|Viola odorata Family: Violaceae
Common name: sweet violet; English violet; wood violet; garden violet
Zone: 5 – 9
Height: 4-6 in (10-15 cm) Spread: 12-18 in (30-45 cm)
Aspect: full sun; partial shade; full shade
Soil: sand; loam; clay; well-drained
|Description: Hardy, rhizomatous perennial with deep green, roughly heart-shaped leaves appearing in late winter. Fragrant flowers are either deep violet or white and appear in early spring. Disease and pest resistant. Propagation is from seed and spreading stolons, or rhizomatous roots.
Special Notes: Originally native to Asia and Europe, the early settlers carried specimens with them to Australia and North America where the specie has become established. The fragrant flowers are very important to the perfume industry in southern France where the flowers are also harvested for use in making flavourings, toiletries, and the violet-coloured liqueur called Parfait d’Amour.
The whole plant contains salicylic acid…the main ingredient in aspirin…which may be why the ancient Greeks wore garlands of flowers on their heads during festivals to thwart dizziness and headache brought on by imbibing too liberally. The leaves contain antiseptic compounds and have been used as poultices or added to ointments for centuries. Infusing them in a tea or making a syrup has long been a remedy for coughs.
The flowers have a mild laxative effect. Roots and seeds contain purgative properties. Herbalists have long recommended the use of a liniment made from violet roots and vinegar to cure spleen disorders and ease the pain caused by gout.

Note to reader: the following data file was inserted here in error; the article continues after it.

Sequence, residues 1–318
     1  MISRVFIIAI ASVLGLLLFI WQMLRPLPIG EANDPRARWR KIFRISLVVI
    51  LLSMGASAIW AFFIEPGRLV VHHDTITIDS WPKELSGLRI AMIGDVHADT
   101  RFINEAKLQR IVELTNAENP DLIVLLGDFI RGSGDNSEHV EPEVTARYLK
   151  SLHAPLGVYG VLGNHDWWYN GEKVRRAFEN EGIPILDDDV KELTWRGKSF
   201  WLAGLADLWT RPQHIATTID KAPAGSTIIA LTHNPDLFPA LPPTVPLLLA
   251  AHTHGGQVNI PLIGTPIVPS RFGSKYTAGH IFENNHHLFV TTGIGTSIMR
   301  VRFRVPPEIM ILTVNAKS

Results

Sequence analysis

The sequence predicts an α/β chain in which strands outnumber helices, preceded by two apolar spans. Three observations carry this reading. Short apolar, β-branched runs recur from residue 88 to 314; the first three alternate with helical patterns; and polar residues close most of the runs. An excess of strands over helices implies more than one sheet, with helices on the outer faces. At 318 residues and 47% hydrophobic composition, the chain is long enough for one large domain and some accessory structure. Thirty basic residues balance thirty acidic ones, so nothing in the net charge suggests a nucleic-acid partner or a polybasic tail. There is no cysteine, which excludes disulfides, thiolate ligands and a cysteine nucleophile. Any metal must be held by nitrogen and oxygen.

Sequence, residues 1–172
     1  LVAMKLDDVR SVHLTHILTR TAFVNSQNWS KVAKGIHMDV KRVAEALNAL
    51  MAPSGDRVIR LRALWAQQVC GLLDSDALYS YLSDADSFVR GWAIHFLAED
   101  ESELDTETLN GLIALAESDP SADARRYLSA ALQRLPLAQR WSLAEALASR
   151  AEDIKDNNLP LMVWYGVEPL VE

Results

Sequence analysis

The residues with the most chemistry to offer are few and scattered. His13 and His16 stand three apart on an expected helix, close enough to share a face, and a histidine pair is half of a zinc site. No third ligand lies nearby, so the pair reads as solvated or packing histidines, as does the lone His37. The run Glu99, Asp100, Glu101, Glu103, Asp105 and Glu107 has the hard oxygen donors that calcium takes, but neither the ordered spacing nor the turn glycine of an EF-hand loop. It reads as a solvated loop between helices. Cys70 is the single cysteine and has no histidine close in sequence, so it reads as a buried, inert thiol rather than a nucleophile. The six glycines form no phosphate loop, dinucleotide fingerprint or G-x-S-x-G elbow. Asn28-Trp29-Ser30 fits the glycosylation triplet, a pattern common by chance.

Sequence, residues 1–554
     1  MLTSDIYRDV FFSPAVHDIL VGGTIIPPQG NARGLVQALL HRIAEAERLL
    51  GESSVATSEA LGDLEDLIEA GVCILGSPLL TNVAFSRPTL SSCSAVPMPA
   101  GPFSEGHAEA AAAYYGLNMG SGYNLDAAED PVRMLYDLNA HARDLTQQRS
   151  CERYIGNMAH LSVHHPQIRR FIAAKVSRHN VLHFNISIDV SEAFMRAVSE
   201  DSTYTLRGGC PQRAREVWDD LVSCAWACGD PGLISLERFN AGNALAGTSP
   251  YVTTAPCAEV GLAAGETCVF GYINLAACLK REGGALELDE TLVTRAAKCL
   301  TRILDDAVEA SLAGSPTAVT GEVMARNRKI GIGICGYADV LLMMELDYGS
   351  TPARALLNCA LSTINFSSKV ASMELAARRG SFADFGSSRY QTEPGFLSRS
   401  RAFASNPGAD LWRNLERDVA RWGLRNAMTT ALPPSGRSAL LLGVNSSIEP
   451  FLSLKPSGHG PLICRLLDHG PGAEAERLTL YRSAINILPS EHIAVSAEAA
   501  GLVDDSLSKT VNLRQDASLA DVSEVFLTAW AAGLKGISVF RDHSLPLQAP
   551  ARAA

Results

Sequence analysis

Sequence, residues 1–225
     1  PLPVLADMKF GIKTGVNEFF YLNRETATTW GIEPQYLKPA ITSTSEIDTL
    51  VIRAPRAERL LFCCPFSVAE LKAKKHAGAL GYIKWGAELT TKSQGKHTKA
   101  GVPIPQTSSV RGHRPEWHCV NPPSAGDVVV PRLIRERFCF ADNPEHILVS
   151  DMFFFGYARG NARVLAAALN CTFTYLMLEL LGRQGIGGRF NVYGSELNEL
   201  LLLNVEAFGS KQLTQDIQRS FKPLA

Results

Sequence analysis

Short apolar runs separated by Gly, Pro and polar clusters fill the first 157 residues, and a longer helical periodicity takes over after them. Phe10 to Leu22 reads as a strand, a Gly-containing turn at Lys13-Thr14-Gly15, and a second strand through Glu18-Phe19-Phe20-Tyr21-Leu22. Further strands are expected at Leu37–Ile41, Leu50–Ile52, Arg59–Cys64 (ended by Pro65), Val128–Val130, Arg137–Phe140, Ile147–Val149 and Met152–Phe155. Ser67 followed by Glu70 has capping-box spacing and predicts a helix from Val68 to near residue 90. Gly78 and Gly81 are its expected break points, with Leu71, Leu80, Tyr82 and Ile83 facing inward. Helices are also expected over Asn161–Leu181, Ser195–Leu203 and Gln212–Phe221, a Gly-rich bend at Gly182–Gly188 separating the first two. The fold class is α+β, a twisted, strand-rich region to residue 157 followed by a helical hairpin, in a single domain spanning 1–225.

More recently, it has been discovered throat cancer patients who drink violet leaf infusions have realized relief from pain caused by their treatment. Reportedly, there have actually been several cures of this cancer by drinking leaf infusions.
The edible flowers can be added raw to salads, made into dainty crystallized candies for decorating cakes, made into a delicate violet jelly (recipe here), added to vinegar for colour, or fermented for a sweet wine.
An infusion of sweet violet flowers can also be used as a substitute for litmus paper to determine pH. When it comes into contact with alkaline substances, the colour of the infusion turns green. Acid substances will turn the infusion colour red.
In our Zone 7a garden: I am particularly fond of sweet violets, Viola odorata, as their delicate scent reminds me of my granny. I originally placed three or four clumps around my front garden and over the ensuing years they have gently spread. Some are in the lawn, some in full shade, some in part shade, and a lovely patch has grown up in my Rosa rugosa hedge where it is slowly reaching out to the boulevard. This patch is growing is almost pure sand…with only the barest of soil to found. I never water out there and it receives the hottest sun of the day. For this reason it will languish in the summer months but not before I have picked its flowers for my varied uses.
For some gardeners, sweet violets are too invasive for their preferences. John will not have them in his garden for this reason. However, any wayward plants are very easily removed if the patch gets too rambunctious.
Note: None of the medicinal claims are meant to be followed without the express knowledge of your doctor or a certified herbalist. Please act responsibly in regards to your health.
Posted on April 18, 2017